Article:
Mark Twain is credited with apologizing to a friend for sending a long letter because he didn’t have time to write a short one. With that in mind, I would like to apologize to the reader for a long chronology of Measure B, because a short letter would not give justice to the genesis of what Mendocino County possesses.
In 2009, during the economic downturn, CEO Angelo and I had a public display of emotions where I showed dismay at her for suggesting that I lay off 25 Deputy Sheriff’s to balance the budget. Such a far-fetched suggestion was beyond reasonable and I clearly and publicly denounced such a recommendation. After some board room bantering, the chair of the BOS recommended a 15 minute recess, and directed the CEO and I to privately discuss our differences. This turned into our “Monday Morning Meeting,” every Monday at 8:30. This created a much better relationship between the CEO’s office and the Sheriff’s Office. As we all know, communication makes better relationships.
I had worked for MCSO since 1985, prior to the demise of the Psychiatric Health Facility (referred to as a PHF, or “Puff”) and I experienced the 1991 dismantling of the County PHF wherein the Mental Health Department tacitly transferred additional duties to law enforcement, after the State of California decided to “realign” mental health services. History has shown that this realignment has increased law enforcement’s role in emergency mental health crisis and has relieved the very agency which is trained for this, the Department of Behavior Health.
No additional funding was transferred to law enforcement, just the transfer of some basic duties which formerly were performed by the Dept. Of Mental Health (presently referred to as the Behavioral Health Division of Social Services).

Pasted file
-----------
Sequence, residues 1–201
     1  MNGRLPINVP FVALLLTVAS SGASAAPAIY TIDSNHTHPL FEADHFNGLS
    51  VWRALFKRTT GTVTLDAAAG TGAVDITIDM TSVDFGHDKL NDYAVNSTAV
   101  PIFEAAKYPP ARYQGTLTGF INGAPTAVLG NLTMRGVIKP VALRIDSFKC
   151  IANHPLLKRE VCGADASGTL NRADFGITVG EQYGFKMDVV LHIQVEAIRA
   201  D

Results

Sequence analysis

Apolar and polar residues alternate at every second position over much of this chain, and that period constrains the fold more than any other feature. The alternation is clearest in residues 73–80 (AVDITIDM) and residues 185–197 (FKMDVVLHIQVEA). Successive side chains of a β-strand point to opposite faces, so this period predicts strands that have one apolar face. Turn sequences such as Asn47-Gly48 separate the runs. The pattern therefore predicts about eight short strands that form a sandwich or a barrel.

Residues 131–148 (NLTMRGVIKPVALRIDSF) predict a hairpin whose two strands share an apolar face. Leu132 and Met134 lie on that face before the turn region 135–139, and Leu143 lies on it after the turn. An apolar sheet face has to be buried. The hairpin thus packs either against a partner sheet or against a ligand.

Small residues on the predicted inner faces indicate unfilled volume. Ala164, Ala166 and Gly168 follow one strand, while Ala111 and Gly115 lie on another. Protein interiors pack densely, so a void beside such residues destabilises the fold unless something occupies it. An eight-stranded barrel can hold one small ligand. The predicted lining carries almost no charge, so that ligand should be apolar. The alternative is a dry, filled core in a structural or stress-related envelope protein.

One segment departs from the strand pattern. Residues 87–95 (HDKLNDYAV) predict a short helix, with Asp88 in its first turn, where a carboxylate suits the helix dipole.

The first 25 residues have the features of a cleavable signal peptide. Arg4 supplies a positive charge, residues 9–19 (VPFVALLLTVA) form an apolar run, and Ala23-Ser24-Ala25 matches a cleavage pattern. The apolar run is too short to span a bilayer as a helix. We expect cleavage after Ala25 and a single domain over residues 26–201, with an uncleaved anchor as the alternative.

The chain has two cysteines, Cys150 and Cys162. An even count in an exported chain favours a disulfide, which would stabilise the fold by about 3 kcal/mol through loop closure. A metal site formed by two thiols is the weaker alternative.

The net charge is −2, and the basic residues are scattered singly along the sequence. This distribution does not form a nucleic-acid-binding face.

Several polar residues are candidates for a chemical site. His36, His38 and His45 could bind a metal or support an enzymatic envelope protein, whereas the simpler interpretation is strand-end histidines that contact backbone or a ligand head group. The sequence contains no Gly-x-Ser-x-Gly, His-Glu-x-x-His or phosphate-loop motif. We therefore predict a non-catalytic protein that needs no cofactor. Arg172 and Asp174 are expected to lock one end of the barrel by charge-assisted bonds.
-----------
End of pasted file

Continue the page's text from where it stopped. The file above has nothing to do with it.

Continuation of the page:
In 2014, after eight years of frustration with the expectation that law enforcement deal with the day-to-day mental health crises throughout our county, I sat down with the CEO on a Monday morning and asked a simple question: ‘Why don’t we have a PHF?”
I saw this as a reasonable question, with the intent of removing law enforcement from the crisis driver’s seat, and allow law enforcement to return to enforcing laws. The CEO’s answer was short, poignant and direct: “Sheriff, we can’t afford to build it and we don’t have the funds.” That was a fair answer, and the answer which drove me to personally collect 3,000 signatures and have other supporters collect over 1,500 signatures to get Measures AG and AH on the ballot.
This county-wide measure failed by approximately 100 votes. The BOS then put Measure B on the ballot for the next election, and I personally collected contributions and campaigned for the passage of Measure B. As you may remember, over 160 signs were put up throughout the county and a letter-writing campaign was started to our newspapers so we could pass “Measure B, for Better Mental Health.”